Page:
What do consulting fees, underwear, razor blades and toilet paper have in common?
OK, so what do consulting fees, underwear, razor blades and toilet paper all have in common?
The real connection is that they all have a similar mechanism for charging for their services or products. They are all part of a subscription model.
Pricing your products and services is a highly strategic activity that is core to your Marketing Strategy and is often overlooked by business owners. Too many people take the easy way out and do exactly what the competition is doing. They charge a similar amount and do this in a the same way as the others.
What we are failing to grasp is that pricing is a key Positioning Strategy for your business and by copying the competition we are losing any competitive advantage that we may potentially gain. You can gain this advantage in many ways but 2 key areas are:
1. Your Price Level – what does your product (or service) cost relative to the competition?
2. Pricing Mechanism – How do you charge for your services/product? fixed fee, RRP, subscription, hourly rate, commission, etc.
Setting your Prices
There are 5 common tools for setting prices:
- Cost Plus
- Competitor Pricing
- Market Will Bear
- Target Pricing
Cost Plus – as the name suggests is a very common way to price based on your costs. Simply add up your costs to deliver and add a margin for profit and voila you have your price.
RRP – This is where your supplier sets the pricing via a “Recommended Retail Price” Model. You will usually have purchased the product at a wholesale level with an in-built margin to get to RRP. You may also be restricted by Government Policy in some areas like: healthcare.
Competitor Pricing – This is where you base your pricing on the competition and it can be a dangerous strategy as its easy to price to low. Some of your competitors will have poor business skills and will no understand how to price to make a profit.
Market Will Bear – this is where you test your pricing in the market and keep work out where will give you the best return in terms of volume and price. This takes some effort but is often the better strategy for your business.
Target Pricing – This is a different technique that involves determining the price that will generate the most sales for your business. You then deduct your profit to determine a target cost for your product or service. Using this information you can then decide what to features, benefits, packaging, distribution options to include in order to meet your cost target. Its a powerful pricing tool that is rarely used but I suggest that you give it a run.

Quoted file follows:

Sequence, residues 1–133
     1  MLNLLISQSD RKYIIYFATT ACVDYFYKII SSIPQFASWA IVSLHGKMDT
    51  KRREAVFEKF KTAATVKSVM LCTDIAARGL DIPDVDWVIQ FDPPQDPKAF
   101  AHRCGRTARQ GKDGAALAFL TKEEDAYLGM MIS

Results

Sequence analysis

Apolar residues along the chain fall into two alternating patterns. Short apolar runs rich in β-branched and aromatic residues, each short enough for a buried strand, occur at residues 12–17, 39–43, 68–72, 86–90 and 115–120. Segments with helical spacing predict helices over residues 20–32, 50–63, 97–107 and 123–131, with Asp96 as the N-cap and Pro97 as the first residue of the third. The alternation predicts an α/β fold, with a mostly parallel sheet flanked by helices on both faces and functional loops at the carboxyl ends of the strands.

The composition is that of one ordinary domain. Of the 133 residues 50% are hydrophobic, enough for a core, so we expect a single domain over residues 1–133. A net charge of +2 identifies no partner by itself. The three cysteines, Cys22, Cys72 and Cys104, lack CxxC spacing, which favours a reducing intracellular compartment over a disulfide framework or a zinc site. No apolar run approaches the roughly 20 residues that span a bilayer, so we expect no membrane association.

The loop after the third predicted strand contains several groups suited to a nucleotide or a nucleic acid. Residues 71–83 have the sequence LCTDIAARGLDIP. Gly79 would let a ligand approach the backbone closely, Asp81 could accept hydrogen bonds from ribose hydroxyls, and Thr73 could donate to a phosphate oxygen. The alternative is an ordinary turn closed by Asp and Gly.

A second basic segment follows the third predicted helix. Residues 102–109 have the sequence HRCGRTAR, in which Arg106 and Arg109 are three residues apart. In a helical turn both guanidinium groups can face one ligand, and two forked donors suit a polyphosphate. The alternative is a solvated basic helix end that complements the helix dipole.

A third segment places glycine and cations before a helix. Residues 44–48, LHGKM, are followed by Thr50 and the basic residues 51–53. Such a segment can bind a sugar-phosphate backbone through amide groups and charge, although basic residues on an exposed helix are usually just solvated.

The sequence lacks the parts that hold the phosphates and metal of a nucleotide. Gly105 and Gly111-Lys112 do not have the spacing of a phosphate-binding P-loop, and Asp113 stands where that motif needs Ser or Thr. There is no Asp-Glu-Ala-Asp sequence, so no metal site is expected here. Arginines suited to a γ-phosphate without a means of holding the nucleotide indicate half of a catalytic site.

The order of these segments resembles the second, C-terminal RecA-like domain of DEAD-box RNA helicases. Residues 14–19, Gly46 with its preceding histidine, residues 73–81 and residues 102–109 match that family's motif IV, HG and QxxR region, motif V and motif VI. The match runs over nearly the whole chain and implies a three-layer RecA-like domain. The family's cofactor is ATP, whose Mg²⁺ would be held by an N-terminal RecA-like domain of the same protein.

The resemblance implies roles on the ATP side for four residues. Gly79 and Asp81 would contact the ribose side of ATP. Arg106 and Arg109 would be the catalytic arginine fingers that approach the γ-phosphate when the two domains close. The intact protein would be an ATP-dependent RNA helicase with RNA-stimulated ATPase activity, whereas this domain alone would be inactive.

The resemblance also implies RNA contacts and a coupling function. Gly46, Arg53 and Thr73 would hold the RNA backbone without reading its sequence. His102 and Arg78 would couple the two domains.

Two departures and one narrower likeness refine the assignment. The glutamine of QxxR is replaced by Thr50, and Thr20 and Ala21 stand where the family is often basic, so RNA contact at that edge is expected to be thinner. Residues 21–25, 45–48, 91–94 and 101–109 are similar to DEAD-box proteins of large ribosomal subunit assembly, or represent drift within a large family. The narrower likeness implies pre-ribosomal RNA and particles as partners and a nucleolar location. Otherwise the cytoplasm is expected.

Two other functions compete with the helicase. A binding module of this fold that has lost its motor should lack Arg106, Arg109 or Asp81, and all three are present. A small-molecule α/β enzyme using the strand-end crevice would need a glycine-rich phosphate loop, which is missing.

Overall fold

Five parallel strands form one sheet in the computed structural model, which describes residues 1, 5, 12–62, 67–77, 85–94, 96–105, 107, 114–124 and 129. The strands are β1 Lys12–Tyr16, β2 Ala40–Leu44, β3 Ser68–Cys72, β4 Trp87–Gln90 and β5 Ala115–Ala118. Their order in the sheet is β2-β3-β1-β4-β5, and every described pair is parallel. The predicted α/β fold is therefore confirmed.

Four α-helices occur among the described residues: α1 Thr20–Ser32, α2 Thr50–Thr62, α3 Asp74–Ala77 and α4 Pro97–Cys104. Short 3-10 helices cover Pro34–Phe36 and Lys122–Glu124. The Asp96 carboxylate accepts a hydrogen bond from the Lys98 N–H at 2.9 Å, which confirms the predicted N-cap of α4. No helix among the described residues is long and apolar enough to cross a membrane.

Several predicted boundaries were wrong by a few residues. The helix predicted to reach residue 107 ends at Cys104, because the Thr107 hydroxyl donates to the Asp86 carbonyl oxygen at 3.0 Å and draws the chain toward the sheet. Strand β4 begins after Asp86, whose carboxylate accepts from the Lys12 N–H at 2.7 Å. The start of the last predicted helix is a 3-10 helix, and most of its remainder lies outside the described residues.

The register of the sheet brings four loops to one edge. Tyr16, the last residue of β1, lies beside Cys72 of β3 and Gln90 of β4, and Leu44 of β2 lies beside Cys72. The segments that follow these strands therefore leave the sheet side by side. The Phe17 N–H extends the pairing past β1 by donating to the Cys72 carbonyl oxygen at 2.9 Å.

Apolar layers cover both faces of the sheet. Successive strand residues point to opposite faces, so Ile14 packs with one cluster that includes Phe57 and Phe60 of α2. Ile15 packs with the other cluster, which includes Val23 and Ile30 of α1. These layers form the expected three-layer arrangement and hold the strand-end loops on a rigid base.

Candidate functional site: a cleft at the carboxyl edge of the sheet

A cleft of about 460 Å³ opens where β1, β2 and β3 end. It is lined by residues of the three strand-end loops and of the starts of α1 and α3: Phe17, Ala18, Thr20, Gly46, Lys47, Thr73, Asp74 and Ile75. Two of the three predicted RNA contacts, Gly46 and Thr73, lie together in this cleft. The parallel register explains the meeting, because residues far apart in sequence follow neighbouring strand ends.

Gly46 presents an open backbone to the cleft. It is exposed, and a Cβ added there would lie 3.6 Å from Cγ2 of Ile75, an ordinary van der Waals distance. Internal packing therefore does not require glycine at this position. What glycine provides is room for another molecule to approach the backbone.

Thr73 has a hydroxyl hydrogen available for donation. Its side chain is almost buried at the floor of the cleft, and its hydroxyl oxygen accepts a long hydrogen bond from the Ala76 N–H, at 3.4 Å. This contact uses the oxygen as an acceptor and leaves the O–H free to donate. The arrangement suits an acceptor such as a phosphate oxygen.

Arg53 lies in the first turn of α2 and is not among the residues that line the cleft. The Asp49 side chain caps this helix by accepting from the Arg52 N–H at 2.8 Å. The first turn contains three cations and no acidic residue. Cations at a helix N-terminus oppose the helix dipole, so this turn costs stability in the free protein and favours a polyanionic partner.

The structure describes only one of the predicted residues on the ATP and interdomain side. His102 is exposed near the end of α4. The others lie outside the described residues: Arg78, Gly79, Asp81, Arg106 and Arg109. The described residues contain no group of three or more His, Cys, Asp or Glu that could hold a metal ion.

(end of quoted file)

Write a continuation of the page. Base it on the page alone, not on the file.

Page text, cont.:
In reality, we should use a variety of pricing tools to help set our price unless RRP is your only option. My experience is that Cost Plus should set the minimum price. Competitor Pricing should allow us to explore the range (use the phone (mystery shopper calls) and/or internet to do a quick scan of competitor pricing. Typically, if your products are of similar quality them set your price below that market leaders and above the average and use “Market Will Bear” and/or “Target Pricing” to explore some pricing options and lift your prices above the competition.
Establishing a Pricing Mechanism
The second element to consider is your pricing mechanism. Again, don’t be lazy and accept what the competition is doing.
20 odd years ago, when I went out on my own as a Business Consultant everyone charged by a the hour or day for their services. When I asked my clients what they disliked about the “Professionals” that they worked with the overwhelming response was high hourly rates and a “surprise” in the mail (the bill). I explored a range of options with my clients and settled on an agreed fee broken down into monthly installments like a “subscription”. That pricing mechanism has the been the basis for my successful coaching services for the last 20 years. Check out my website to see how the coaching programs play out – https://www.shifft.com.au/programs/
Now I have a range of innovative suppliers including software (SAAS – “Software as a Service” aka a Subscription) and the products i mentioned above, that are all using a subscription model to differentiate their business:
Underwear – Australian Company “Knobby” (https://knobbyunderwear.com.au/) delivers me a quality pair of jocks every month. Each month has a unique design and they are the most comfortable “jocks” I’ve worn for years. Who would have thought there was a market to buy underwear by subscription?
Razor Blades – Fed up with paying extortionate prices for razor blades from the majors, I went looking for options to provide me with a quality product for less. I soon found Dollar Shave Club (https://au.dollarshaveclub.com/home) who deliver me high quality razor blades and shaving products on subscription basis.
Toilet Paper – We have been buying out TP on subscription for a couple of years from social Who Gives a Crap (https://au.whogivesacrap.org/) a socially driven business that donates 50% of profits to build toilets in the developing world. The product quality is excellent and it arrives on a regular schedule.
These are just a few examples of the types of products and services that you can access via a different pricing model – in this case: subscription. For each pricing model there will be pros and cons but unless we explore some alternatives and look beyond copying what everyone else is doing then we will fail to differentiate our business in the marketplace.
How could you build a subscription model into your product or service offer?
I’d also be interested in your experiences with trying different pricing models for your business and/or businesses that you use. Comment below.